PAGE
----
Unfortunately, the PBGC has a maximum monthly pension amount that it will cover. If you have a large pension, you may see your monthly benefit reduced during a company bankruptcy. Sadly, this occurred often during the Great Financial Crisis.
When Taking Monthly Pension Payments Makes Sense
While there are plenty of benefits for taking the lump sum, don’t rule out the monthly pension payment option quite yet. If your employer is financially stable, there are still situations where you would want to consider this option.
Managing your own investments isn’t right for everyone. In fact, according to a MetLife study, approximately one out of every five people who choose the lump sum option will spend it all during the first six years of retirement! If you are concerned about making sure you have a guaranteed retirement paycheck, then the monthly pension payment option might be the right choice. Taking the lump sum will require careful investment management over the years to ensure that it provides you with a monthly retirement paycheck.
Additionally, your pension may have certain features that make it more attractive than simply taking a lump sum. A cost-of-living adjustment (COLA) feature increases your pension payments over the years to ensure your income keeps pace with rising costs. This would reduce the need to take a lump sum and invest it more aggressively for this very same reason.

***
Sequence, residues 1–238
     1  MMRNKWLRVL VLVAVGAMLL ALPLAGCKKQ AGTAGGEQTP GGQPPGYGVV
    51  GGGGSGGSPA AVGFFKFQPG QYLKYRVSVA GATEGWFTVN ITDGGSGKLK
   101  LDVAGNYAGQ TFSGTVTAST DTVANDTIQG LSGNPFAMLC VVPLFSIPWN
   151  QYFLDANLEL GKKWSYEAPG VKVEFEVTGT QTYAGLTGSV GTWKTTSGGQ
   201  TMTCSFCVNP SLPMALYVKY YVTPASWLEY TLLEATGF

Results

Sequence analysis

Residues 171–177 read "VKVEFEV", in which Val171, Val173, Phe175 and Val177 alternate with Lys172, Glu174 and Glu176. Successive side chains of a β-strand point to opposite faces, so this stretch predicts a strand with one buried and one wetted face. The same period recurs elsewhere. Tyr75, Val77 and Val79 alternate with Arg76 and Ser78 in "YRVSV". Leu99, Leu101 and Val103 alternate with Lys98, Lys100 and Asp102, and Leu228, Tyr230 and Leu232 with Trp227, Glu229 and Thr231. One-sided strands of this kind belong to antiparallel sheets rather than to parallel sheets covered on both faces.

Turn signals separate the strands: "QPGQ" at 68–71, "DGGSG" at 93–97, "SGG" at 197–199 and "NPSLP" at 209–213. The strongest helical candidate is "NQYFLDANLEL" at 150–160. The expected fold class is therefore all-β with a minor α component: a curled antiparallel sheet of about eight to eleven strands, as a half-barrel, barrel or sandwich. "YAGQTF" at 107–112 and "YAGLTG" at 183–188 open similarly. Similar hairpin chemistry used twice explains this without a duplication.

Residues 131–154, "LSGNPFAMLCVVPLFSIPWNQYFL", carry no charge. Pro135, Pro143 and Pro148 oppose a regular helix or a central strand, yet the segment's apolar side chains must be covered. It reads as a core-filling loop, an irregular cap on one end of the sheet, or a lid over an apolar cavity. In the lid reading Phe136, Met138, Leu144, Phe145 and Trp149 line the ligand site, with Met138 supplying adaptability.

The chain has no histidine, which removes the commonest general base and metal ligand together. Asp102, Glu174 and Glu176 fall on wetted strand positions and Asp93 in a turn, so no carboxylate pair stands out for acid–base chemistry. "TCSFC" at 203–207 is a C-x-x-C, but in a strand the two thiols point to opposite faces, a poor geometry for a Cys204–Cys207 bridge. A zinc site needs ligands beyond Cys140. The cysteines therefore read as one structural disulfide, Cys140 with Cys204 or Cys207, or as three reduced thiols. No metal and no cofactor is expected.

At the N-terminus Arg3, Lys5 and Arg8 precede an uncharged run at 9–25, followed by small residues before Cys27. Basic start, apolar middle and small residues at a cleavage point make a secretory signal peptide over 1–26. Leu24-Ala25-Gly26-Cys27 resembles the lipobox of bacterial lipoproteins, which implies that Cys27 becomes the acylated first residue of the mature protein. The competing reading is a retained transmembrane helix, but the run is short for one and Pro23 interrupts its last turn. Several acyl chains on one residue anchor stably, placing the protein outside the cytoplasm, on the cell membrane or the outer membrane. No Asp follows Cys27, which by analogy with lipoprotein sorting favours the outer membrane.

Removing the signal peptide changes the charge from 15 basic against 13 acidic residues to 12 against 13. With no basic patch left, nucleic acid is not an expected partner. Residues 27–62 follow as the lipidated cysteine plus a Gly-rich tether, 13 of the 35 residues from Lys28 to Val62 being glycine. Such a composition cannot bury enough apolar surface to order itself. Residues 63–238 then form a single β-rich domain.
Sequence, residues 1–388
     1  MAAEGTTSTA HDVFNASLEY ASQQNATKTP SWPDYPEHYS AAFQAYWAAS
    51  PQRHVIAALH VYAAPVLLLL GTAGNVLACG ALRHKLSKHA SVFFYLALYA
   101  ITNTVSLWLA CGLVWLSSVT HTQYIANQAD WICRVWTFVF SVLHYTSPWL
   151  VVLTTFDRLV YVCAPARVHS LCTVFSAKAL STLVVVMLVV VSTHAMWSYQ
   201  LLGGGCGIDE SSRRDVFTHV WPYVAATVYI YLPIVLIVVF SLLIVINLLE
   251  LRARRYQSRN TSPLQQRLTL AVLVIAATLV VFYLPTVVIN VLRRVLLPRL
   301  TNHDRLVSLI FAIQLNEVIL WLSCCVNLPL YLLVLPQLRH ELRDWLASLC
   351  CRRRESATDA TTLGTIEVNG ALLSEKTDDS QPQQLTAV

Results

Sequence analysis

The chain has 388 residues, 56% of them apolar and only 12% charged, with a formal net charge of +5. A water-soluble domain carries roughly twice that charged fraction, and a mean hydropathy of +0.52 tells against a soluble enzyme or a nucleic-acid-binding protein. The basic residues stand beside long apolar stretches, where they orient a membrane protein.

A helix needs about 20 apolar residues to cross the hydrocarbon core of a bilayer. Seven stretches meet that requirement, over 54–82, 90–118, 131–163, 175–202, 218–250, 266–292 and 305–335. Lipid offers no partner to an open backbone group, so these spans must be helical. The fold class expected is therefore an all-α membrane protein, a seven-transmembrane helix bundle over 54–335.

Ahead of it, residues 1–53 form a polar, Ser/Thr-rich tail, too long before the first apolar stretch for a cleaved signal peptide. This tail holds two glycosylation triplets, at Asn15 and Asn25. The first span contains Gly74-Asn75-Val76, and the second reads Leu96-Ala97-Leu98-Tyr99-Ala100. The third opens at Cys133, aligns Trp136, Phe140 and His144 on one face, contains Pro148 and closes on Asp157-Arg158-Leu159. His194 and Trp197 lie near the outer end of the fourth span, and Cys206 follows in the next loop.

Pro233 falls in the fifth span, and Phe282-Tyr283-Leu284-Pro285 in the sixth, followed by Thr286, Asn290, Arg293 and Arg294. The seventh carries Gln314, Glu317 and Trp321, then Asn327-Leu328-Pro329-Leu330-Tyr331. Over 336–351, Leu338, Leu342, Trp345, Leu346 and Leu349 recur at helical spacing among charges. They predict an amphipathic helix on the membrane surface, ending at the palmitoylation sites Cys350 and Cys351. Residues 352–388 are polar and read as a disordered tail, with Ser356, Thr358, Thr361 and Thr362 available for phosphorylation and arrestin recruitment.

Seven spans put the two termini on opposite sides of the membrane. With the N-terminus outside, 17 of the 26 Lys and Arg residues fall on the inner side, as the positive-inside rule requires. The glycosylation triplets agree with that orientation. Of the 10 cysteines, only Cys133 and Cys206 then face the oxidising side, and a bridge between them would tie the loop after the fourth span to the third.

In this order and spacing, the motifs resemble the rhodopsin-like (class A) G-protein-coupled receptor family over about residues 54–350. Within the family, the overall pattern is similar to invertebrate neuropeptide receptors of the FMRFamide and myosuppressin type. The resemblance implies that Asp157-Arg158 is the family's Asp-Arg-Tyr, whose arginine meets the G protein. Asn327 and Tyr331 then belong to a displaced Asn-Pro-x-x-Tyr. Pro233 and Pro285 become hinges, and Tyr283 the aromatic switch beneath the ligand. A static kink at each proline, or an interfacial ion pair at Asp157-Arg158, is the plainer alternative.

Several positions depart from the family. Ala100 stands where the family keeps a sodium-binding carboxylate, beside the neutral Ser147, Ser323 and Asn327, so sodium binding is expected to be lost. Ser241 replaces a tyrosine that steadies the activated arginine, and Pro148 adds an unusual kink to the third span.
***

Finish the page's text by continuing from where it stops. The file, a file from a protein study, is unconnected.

Finally, your pension may offer spousal and beneficiary benefits worth considering. Most common would be a “joint and survivor” option that continued payments to your spouse should you pass away. This is one way to ensure guaranteed income to your spouse should something unfortunate happen.
Lump-Sum or Monthly Pension Payments?
In my experience over the years, the lump sum option has been the right fit for most retirees, however, it’s not a slam-dunk. If you have other retirement savings, taking the lump sum and including it into your retirement portfolio may allow you to generate higher income over your retirement than you would otherwise have with the pension payments. Of course, past performance is no guarantee of future results. Risk and return are always related.
However, if you feel like you might be the one person in five who spends it all in the first six years, then the monthly pension payment option might be the best choice for you, especially if your pension has a cost-of-living adjustment feature. Dealing with the ups and downs of the stock market with your retirement savings isn’t for everyone.
Choosing between a lump sum or monthly pension payments isn’t an easy decision with clear-cut answers. We can only do our best to make a good decision based upon all the information we have today and move on. We’ll only know what was best in hindsight.
If you’d like help deciding between a lump sum or monthly pension payments, then click here to set up a quick, complimentary introduction call to see if Prana Wealth is a good fit. We do still have the capacity to take on new clients.
As a fee-only financial advisor in Atlanta, we can (and do) work virtually with clients all across the U.S. and we’re here to help you when you’re ready.